'Devotion' review: Aviation drama achieves flight but never soars
Director J.D. Dillard's tale, based on a true story, is stuck in a holding pattern.
In the aviation action-drama "Devotion," Jonathan Majors is the best thing about a mediocre movie. As the 33-year-old's star is still rising, this will continue to be the case until he finds a project that is able to meet him at his level.
Here he plays Jesse Brown, a fighter pilot in the Korean War, and the Navy's first Black aviator to complete basic training. The film honors Brown's legacy but soft peddles the struggles he endured; it's a movie that acknowledges the racism and prejudice of the time but doesn't truly wrestle with it.
Brown has a wingman, Tom Hudner ("Top Gun: Maverick's" Glen Powell), and the film is just as much about their relationship as it is about Brown's fight for equality. In any other year, the film's thrilling aerial photography and dogfighting scenes might make it stand out, but in 2022, it simply has to settle for the title of second best fighter pilot movie starring Glen Powell.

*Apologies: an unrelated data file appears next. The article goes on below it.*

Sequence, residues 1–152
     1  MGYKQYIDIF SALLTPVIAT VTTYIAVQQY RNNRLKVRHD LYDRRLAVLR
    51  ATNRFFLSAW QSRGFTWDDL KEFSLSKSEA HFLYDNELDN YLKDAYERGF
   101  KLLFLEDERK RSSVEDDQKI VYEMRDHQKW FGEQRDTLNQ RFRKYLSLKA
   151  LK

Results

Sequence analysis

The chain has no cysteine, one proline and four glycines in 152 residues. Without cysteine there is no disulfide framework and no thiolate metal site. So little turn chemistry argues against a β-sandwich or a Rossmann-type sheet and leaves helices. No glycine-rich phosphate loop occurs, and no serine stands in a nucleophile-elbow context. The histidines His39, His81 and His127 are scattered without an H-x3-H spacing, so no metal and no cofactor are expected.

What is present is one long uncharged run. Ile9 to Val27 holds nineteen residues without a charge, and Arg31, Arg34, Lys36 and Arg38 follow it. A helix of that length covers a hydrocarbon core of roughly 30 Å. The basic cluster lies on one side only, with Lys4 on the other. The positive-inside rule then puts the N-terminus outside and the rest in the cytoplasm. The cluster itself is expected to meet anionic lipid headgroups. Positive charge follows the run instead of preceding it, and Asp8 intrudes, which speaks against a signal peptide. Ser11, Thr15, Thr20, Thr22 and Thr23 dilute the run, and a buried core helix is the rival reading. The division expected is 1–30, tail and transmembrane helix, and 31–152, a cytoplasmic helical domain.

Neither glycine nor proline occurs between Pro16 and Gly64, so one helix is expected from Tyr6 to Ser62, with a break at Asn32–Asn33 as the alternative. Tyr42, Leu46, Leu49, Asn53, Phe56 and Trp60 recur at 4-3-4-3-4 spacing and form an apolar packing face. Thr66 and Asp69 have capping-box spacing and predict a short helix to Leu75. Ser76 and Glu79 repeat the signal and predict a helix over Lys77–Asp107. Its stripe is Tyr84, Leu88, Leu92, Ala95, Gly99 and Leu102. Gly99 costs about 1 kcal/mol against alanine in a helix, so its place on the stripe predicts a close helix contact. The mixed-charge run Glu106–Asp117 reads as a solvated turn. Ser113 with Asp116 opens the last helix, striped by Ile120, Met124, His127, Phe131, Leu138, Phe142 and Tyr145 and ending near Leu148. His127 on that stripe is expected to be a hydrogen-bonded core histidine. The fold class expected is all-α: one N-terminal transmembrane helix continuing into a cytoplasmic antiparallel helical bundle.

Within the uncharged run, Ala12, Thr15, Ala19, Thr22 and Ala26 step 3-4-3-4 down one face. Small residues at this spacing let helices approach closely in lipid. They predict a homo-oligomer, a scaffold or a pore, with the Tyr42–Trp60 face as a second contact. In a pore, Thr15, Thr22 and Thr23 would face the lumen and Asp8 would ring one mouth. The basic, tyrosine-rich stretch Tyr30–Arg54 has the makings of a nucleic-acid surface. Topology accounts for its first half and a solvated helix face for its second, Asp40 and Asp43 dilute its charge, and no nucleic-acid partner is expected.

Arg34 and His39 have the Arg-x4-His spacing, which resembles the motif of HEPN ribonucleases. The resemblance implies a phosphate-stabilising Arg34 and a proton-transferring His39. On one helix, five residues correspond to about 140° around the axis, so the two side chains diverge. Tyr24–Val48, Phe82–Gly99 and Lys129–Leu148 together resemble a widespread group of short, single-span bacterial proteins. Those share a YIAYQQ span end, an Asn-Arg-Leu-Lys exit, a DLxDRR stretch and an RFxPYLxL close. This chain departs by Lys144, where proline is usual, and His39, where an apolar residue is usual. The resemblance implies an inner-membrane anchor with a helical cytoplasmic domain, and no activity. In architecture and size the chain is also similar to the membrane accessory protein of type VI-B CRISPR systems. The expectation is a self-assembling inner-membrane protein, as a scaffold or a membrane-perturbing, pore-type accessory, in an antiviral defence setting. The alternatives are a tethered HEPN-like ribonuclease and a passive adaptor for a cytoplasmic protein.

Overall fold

Brown, who keeps a notebook full of the slurs and racial epithets thrown his way, doesn't have to look far to remind himself of the racism he faces; he even stares himself down in the mirror and hurls insults at himself, in a standout Spike Lee-like sequence where Majors cuts deep.
But ultimately, the film feels sanitized, sanded down from a harder, more confrontational film, and built to satisfy audiences who just want a good action film. "Devotion" is a good action film, and there's one breathtaking plane crash shot in particular that feels like it should be broken down in a film studies class. But it feels like "Devotion," and Majors in particular, had more to give. Even its generic title feels like a compromise.
Rated PG-13: for strong language, some war action/violence, and smoking
Running time: 139 minutes